Russia coronavirus cases top 500,000
ISLAMABAD-Russia, the country with the world's third-largest coronavirus outbreak, passed the symbolic milestone of 500,000 confirmed cases on Thursday, after the capital lifted tight lockdown restrictions this week.
The latest figures took the country's total to 502,436 cases, after 8,779 new cases were recorded in the last day, a government website said.
The most cases were reported in the two largest cities of Moscow and Saint Petersburg and their surrounding areas.
The capital confirmed 1,436 new cases on Thursday as the numbers of new infections have significantly fallen this week.
Moscow lifted restrictions including compulsory travel passes on Tuesday, a move welcomed by residents who rushed out to enjoy the streets and parks.
Many other regions are lifting lockdown restrictions as Russia is preparing to hold a July 1 national vote despite the pandemic.
President Vladimir Putin is seeking public backing for constitutional amendments that would allow him to stay on at the Kremlin beyond his current term.
Russia has confirmed a total of 6,532 COVID-19 deaths, a far lower mortality rate than in other countries with large outbreaks.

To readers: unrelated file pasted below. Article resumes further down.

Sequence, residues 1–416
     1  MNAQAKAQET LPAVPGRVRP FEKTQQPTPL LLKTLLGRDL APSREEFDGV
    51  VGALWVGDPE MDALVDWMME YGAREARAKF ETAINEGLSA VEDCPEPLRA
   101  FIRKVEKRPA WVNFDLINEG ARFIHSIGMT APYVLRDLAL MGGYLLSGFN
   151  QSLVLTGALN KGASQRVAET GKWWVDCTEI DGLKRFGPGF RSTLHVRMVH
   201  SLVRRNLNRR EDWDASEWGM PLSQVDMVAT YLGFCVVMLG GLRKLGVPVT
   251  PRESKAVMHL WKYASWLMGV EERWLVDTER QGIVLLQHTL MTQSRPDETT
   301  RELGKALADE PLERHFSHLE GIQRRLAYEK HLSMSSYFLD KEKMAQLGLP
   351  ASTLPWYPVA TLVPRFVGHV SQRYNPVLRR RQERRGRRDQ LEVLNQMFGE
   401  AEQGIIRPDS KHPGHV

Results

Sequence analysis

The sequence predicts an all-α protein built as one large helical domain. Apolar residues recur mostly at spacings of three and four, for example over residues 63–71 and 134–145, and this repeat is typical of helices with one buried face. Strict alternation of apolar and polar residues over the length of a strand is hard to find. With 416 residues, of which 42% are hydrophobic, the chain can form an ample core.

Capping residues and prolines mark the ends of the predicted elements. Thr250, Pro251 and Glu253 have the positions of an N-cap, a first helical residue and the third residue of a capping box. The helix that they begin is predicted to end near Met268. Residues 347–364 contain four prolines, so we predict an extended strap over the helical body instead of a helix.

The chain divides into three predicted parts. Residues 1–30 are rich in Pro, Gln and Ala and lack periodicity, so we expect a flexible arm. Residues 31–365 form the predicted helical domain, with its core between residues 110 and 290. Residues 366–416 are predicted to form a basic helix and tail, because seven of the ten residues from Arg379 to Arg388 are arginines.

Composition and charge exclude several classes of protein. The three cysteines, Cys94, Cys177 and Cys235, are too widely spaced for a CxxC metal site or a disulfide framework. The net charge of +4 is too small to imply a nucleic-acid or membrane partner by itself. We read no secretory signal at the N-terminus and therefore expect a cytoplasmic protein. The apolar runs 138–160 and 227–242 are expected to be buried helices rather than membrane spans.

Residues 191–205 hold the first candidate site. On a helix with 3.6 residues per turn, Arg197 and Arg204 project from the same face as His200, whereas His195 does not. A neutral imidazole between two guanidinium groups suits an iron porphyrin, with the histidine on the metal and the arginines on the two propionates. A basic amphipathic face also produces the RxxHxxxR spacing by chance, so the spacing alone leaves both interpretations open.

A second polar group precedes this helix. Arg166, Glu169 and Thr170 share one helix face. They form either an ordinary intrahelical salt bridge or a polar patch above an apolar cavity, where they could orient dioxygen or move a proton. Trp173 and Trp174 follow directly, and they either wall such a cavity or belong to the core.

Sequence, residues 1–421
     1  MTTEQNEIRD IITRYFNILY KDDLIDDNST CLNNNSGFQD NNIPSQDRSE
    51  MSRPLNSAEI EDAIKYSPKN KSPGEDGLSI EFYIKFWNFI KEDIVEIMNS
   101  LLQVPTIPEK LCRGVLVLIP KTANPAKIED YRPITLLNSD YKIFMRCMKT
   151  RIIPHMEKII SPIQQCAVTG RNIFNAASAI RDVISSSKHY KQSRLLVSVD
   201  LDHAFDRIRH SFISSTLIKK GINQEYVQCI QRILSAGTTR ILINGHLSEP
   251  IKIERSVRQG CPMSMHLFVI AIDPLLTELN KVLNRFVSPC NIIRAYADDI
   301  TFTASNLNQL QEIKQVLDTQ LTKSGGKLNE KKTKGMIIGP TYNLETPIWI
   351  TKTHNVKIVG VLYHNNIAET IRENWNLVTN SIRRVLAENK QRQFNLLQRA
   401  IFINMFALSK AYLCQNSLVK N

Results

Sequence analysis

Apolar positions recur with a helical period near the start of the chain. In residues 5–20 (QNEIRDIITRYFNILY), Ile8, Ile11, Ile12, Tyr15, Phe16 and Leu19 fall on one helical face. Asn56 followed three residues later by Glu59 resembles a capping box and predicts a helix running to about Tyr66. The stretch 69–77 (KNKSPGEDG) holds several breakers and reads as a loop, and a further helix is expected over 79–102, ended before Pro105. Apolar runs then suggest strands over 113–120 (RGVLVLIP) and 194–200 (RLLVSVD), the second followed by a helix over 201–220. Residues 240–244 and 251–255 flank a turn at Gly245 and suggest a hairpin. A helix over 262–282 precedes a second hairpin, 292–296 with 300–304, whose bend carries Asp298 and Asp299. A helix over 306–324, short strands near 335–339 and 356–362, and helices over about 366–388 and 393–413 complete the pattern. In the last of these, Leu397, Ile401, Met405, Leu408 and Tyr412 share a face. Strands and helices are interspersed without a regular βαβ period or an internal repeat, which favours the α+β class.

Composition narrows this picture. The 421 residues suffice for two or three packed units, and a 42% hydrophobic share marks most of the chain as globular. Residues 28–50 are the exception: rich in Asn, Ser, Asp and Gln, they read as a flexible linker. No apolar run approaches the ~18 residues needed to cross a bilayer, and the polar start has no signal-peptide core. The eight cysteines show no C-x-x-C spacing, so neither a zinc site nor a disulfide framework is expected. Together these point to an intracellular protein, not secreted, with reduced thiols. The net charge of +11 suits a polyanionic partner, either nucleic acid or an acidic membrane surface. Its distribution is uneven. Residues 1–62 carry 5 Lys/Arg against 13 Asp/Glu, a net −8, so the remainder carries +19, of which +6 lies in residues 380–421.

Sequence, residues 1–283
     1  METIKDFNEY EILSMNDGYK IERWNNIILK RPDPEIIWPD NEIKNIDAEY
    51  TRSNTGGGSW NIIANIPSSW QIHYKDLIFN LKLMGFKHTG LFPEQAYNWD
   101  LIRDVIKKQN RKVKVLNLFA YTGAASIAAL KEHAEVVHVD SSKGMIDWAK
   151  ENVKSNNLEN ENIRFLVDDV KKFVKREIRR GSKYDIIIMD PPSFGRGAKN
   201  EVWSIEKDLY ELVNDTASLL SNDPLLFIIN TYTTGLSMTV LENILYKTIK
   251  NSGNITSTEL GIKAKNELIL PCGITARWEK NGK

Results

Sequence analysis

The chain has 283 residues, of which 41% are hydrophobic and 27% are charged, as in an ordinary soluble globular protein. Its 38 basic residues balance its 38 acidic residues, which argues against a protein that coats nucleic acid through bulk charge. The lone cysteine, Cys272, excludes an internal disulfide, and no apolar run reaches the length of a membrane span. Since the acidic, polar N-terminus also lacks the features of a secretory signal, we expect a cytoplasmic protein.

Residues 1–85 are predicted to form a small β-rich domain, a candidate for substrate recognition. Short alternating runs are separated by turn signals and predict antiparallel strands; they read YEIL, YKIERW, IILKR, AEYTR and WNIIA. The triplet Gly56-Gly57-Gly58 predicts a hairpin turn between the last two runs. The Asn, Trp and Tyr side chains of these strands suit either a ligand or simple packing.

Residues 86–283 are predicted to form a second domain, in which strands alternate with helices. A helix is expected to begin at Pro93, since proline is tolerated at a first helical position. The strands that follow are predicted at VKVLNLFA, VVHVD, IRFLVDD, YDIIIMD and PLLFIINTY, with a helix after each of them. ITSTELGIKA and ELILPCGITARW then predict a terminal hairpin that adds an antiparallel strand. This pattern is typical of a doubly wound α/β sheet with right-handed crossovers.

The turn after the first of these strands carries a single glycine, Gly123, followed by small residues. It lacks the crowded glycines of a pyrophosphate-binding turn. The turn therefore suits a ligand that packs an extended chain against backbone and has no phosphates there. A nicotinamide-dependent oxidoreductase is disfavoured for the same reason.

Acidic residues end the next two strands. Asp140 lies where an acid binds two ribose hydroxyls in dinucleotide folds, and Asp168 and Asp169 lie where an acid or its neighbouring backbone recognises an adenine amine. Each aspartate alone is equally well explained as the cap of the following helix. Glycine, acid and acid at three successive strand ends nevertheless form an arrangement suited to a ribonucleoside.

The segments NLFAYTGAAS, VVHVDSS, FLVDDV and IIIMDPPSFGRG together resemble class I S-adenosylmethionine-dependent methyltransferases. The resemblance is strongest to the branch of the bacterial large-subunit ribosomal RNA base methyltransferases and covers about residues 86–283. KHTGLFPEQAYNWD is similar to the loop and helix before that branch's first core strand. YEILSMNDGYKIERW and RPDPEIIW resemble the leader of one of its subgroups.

Critics have cast doubt on the low official mortality rate and accused authorities of under-reporting to play down the scale of the crisis.
The health ministry is now adjusting how it reports numbers to include all deaths believed to be related to the virus even if the direct cause of death was another condition or the patient tested negative.
Moscow reported Wednesday that it saw 5,260 such deaths in May.
Former finance minister Alexei Kudrin, a liberal politician known for his outspoken comments, said Russia's health system requires more funds and modernisation in many regions.
"Medicine is significantly underfunded even according to the current norms and also it needs a serious overhaul," Kudrin, who heads the Audit Chamber that examines government spending, said in an interview with TASS state news agency.
"We will carry out a check and show these figures," he added.
Nevertheless the economist said Russia "is not doing a bad job with the pandemic," crediting the role of the military, which has built emergency facilities.